6.  HOW DO I MAKE THE CHANGES?You’ve shown your piece to three people, and two of the three say your character isn’t very exciting. So what do you do? Anything you want! What I do, if that’s the note, is go through every scene that features that character. I see what she says, how she acts and reacts, and how she is at the start of the film and how she is at the end. If there’s not a lot of change, something is wrong. If she’s not putting up a fight for something specific, whether overall or within scenes, then something is wrong. I start to address her dialogue, then her actions, and what she wants. Sometimes these changes have large ripples and repercussions, but those are manageable if I’m staying true to these new directions.

  7. IT TAKES TIME.

    Looking at each individual scene takes time. Make a list of things you want to address, and look at them one at a time. Make notes on a Post-It if you think changes A & B for Character 1 will effect Character 2’s X action at the end. Then, when you get go Character 2’s changes, refer to that note. But focus is key, and time is important. Don’t be afraid if your re-writes are taking longer than your first draft. Get it right. Not perfect to the point of nit-picky and suddenly you turn around after 12 years to say, “I’m ready.” Get it right enough that you are happy with it and not hesitating to hit the SEND button in your email to send it to the next person.

I don’t know if this is at all helpful or accurate or just a writer trying to sound important. Probably the latter. But I’ve felt really, really inspired lately about writing and creating, and revisions have somehow become more enjoyable than ever. Enjoy the process. Believe in the process.

Get it right for YOU. You are your first audience.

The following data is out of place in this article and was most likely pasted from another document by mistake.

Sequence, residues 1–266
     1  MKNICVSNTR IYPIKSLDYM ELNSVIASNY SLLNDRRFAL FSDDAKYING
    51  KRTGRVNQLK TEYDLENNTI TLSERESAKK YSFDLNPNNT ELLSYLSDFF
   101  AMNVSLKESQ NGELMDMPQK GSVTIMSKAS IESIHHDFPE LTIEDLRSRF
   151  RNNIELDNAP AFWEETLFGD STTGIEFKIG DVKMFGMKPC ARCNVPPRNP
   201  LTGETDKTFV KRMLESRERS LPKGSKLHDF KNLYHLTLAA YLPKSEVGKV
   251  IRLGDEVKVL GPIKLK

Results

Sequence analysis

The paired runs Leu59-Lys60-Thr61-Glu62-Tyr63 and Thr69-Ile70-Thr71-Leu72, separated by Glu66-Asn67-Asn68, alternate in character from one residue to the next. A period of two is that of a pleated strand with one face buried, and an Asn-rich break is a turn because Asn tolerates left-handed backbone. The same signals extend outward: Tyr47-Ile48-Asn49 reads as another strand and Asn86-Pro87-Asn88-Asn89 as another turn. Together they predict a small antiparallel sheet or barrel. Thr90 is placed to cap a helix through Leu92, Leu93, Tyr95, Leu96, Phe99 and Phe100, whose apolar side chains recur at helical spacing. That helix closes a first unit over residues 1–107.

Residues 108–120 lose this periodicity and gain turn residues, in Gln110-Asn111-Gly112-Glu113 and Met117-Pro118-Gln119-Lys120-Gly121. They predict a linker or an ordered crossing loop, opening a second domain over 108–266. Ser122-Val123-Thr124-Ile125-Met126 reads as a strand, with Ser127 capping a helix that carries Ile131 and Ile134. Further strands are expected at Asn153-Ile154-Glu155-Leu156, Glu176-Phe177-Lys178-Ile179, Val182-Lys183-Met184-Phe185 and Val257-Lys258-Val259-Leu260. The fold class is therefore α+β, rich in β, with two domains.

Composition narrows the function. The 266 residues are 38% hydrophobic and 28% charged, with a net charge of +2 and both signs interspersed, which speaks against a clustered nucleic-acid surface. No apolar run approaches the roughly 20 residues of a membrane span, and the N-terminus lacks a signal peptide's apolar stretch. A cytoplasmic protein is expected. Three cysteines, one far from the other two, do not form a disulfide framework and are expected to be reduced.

What do YOU want to read?

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THIRTY-SIX

There was a thought, ever briefly, that ran through the mind of the machine and just when the machine realized it — realized it had had its first realization — the power switch was turned off. For good.

THIRTY-THREE, 2.0

“Don’t get high on your own supply,” Peter said.

“That’s the last cliche thing you can say in my pad.” Axl turned to Lana. “I didn’t picture your boyfriend as a nerd, girl.”

“What can I say, I like the weird ones.” Lana laughed, that maniacal, I’m in charge laugh that drove Peter nuts. He questioned his own choice of words, decided to let it go for now.

He’d cry-yell at Lana in the car later.

Crying was the only thing that seemed to break through the frozen heart of hers.

As they walked out to the car, Peter behind Lana, Axl, and Byron, Peter tried to soak in the night sky. He’d heard many times that the higher you are, the more weed you smoke, the brighter the stars appear, but above him now were only clouds.

Peter piled in the backseat, tried to put his arm around Lana, but she shifted in her seat and leaned forward to continue joking with Axl and Byron. She’d claimed to have only slept with Axl once, no big deal, but she was flirting and laughing with him now in a way that just didn’t feel right to Peter.

He missed that part of their relationship, a part that seemed to have died two months ago. The part where he could say or do anything and she would laugh because there’s nothing else in the world more important than each other. But maybe that’s just high school.

They drove through the neighborhood and stopped at a gas station. Axl and Byron went inside while Peter and Lana stayed in the car. “Don’t fuck this up, Peter. That’s a shit-load of weed they gave us, so just hold onto it and we’ll smoke it later.”

“Why are we still with them?”

“Just hang loose a little longer, they’re chill.”

Axl and Byron piled back in, chugging sodas and lighting up cigarettes. Axl pulled out of the gas station, down an alley, and stopped. “Let’s smoke a blunt before the night is done, right kids?”

Peter heard Lana laugh her stupid laugh, and realized they weren’t going to get through this without smoking. “Shit yeah, Peter give him the stuff.”

But Peter could give two shits, he just sat there for two minutes, arms crossed, Byron reaching for his pockets, feeling tears welling up behind his eyes. Axl’s face grew dark. “Give me the stuff you little shit.”

He practically snarled as he reached into the back seat, hand around Peter’s neck, choking out his oxygen. Peter smiled, wishing he could laugh a stupid laugh as he stared into Lana’s frightened eyes.

Then she did let out a laugh, and it was the first thing Peter would remember the next morning when he woke up curbside, alone, and without his new bag of weed.